TUCSON, Ariz. (AP) — An Arizona court ruling says legalization of medical marijuana means the smell of pot cannot be the only basis for obtaining a search warrant to investigate suspected illegal activity.
Ruling that a judge in Tucson shouldn’t have allowed evidence from a search, the state Court of Appeals overturned a man’s convictions on marijuana and child abuse charges.
The man was arrested after police obtained a warrant to search a warehouse after smelling marijuana. Police found pot plants, growing equipment and evidence that a young child lived there.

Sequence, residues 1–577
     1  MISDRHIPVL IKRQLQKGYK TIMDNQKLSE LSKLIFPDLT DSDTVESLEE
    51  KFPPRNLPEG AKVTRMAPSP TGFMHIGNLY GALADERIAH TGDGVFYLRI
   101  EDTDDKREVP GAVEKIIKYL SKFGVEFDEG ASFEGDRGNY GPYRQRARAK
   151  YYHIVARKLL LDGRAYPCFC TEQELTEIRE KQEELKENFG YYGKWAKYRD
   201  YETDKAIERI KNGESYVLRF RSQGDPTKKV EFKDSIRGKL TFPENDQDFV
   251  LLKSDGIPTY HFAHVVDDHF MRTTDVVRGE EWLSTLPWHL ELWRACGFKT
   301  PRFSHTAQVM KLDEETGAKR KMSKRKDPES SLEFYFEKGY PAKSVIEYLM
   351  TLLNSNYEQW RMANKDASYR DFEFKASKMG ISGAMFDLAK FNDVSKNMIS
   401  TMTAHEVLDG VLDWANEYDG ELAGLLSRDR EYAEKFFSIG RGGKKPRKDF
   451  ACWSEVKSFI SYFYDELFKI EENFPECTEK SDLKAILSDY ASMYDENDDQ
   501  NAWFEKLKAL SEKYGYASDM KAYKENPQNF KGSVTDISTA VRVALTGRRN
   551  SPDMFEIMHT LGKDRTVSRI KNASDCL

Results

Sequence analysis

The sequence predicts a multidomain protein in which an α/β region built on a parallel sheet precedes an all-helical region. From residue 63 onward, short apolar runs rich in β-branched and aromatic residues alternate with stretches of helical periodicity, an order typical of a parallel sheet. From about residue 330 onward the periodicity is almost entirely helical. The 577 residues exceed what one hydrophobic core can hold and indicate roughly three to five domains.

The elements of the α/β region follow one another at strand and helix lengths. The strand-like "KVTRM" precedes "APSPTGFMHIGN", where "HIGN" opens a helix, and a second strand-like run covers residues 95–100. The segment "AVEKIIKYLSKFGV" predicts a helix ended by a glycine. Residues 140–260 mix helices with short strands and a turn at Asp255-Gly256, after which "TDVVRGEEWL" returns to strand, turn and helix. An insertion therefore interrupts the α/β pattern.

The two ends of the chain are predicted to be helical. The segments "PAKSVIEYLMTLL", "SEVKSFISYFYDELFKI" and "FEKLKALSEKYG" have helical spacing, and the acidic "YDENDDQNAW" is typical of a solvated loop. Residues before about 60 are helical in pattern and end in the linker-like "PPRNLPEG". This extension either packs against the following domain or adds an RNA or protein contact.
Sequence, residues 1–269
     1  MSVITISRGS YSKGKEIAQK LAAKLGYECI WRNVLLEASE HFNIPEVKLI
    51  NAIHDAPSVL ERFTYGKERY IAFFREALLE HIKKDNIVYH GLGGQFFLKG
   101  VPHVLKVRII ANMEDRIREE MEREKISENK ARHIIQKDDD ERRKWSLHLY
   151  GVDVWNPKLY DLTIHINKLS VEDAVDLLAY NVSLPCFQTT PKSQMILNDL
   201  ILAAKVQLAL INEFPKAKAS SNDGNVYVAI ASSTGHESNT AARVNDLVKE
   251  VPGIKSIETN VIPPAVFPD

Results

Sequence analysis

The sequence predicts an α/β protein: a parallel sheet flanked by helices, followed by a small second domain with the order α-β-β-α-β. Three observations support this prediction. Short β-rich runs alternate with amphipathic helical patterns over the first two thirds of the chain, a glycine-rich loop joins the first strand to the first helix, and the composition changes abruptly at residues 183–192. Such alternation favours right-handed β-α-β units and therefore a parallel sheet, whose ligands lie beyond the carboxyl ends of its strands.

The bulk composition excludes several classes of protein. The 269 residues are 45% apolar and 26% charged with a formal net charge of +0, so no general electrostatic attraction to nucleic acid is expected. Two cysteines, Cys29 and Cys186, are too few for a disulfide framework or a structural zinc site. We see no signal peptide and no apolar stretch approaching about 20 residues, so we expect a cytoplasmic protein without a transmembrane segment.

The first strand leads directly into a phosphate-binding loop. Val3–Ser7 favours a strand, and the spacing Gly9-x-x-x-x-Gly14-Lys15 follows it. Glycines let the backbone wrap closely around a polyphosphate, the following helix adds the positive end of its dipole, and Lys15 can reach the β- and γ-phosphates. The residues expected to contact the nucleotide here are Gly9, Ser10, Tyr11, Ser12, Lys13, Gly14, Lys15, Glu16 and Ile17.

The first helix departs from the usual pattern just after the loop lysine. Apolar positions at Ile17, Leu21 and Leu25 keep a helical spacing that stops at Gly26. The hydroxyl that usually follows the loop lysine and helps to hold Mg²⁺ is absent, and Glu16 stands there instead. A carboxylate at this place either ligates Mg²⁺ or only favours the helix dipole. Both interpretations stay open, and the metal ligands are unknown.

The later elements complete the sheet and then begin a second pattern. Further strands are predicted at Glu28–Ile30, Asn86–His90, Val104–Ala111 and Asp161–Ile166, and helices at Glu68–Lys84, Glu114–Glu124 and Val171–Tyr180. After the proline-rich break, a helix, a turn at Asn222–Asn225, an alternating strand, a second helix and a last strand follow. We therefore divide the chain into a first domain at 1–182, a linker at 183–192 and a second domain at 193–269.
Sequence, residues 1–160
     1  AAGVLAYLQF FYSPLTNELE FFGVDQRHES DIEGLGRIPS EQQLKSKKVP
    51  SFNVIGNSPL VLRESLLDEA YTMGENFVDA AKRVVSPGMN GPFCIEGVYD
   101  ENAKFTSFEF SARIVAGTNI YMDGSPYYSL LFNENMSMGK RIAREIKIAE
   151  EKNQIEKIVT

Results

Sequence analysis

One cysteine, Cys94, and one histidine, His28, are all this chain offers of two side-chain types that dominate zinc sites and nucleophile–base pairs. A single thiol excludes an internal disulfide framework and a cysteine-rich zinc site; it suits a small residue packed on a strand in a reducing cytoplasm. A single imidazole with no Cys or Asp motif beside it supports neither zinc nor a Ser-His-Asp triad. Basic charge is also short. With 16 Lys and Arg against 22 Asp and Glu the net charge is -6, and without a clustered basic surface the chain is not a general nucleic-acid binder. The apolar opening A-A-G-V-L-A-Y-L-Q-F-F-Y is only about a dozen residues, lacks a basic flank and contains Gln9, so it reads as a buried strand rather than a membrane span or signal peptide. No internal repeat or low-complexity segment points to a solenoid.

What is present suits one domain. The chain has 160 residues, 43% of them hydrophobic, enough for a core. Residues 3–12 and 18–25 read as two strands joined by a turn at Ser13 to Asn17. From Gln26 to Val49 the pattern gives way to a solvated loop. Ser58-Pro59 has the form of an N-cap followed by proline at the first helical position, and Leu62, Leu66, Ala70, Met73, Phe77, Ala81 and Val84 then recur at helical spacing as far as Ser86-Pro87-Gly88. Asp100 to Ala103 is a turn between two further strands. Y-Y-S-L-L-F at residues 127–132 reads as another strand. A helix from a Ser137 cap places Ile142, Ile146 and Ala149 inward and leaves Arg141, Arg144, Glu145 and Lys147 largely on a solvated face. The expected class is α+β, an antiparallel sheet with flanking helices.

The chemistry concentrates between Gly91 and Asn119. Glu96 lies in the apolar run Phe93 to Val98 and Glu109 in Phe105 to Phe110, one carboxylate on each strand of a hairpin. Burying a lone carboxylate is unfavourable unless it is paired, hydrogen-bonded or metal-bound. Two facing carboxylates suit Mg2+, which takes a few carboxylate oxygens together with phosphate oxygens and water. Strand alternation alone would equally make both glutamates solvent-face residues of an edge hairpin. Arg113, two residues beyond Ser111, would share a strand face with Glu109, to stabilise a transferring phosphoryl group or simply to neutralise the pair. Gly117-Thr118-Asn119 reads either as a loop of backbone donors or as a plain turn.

The ruling Monday said voters’ legalization of possession, cultivation and use of medical marijuana means circumstances other than mere possession now determines whether there’s a legal basis for a search.
Spokesman Ryan Anderson said the Attorney General’s Office is considering whether to appeal.